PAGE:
Values and Concepts of Ethics for Research Involving Humans

Site: EUPATI Open Classroom
Course: Ethics
Book: Values and Concepts of Ethics for Research Involving Humans
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Date: Monday, 17 June 2024, 6:46 AM

1. Introduction

(This section is organised in the form of a book, please follow the blue arrows to navigate through the book or by following the navigation panel on the right side of the page.)

Ethics in research, like ethics in general, is based on values. Values are abstract concepts, like truth, dignity and fairness, which are widely considered to be of the greatest importance for human well-being. One of the most important statements of values is the 1948 United Nations (UN) Universal Declaration of Human Rights. The role of Research Ethics Committees (RECs) is to ensure that the human rights of participants in research are respected.

Values are often expressed as principles. For the purpose of this training material, the following is a list of principles of ethics that help to protect human rights and dignity and are discussed further in the document below and next lesson:
  • Justify the inclusion of humans in research by ensuring social value and scientific validity.

  • Bring about more good than harm.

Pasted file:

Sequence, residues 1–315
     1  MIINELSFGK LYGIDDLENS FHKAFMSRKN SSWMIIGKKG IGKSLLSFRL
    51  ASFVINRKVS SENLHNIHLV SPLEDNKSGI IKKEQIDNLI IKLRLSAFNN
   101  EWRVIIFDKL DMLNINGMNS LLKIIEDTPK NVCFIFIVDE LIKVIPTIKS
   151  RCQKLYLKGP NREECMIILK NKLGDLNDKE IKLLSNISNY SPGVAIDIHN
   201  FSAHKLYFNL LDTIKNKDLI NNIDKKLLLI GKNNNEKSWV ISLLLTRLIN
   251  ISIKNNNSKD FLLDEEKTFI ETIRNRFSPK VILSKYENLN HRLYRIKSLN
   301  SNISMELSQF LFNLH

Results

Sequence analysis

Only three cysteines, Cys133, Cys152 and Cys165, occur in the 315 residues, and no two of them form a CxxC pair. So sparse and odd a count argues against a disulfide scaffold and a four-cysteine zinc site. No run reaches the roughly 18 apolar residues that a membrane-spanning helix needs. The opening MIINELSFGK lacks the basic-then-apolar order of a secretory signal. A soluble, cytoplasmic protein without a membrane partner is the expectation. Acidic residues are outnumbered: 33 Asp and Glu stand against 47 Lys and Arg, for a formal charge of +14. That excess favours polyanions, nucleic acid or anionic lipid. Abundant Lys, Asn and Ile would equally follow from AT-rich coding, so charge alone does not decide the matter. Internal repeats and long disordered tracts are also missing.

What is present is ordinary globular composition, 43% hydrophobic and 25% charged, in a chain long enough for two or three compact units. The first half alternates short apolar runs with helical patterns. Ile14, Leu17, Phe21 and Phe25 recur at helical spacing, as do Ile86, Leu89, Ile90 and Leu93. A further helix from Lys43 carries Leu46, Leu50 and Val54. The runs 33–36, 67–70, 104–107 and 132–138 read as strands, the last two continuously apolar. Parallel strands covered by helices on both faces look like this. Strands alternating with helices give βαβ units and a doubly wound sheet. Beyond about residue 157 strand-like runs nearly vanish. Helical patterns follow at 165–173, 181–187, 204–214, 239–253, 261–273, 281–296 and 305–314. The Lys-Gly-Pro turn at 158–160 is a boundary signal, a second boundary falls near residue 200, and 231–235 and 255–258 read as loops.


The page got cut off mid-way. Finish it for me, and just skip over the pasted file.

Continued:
• Promote the interests of humans who participate in research before the interests of science and society.

  • Ensure voluntary participation - participants must be able to choose to take on the risks of research.

  • Distribute the risks and potential benefits of research fairly.

  • Show ongoing respect for persons.

  • Uphold transparency during the research process.
Because principles of ethics are, by their nature, fairly general, they need to be interpreted and applied to specific situations. One role of ethics is to show how general principles apply in specific situations. When the principles appear to conflict, it is the role of ethics and ethics review committees to identify and manage such conflicts.

There is a rich literature on ethics and its application to research. The analysis and discussion of principles of ethics in these philosophical texts can be useful to RECs faced with new or complex challenges when reviewing research protocols or applying regulations.

1.1. Social Value

In light of the ethical principle of respect for persons, the justification for including individuals in a research project depends on the social value of the proposed research. Research will be considered as having value when the hypotheses or questions being researched have potential benefits.

These benefits may relate to:
  • Individuals or a particular population or sub-group,
  • To society generally, in relation to an important topic or issue, or
  • To some combination of the above.
To have social value, a research project should be designed to solve a problem that is relevant to society concerns.

Case study: Malaria Trial

An anti-malarial medicine called atovaquone-proguanil was tested in a developing country. However, it was intended for use by travellers going to areas where malaria is common. Although the research burden was taken by the developing countries, the medicine turned out to be too expensive to be administered in those same countries. Conducting a research study to test new medicines that will not be affordable to the community that bears the burden of the research is an example of research that does not have social value in that community.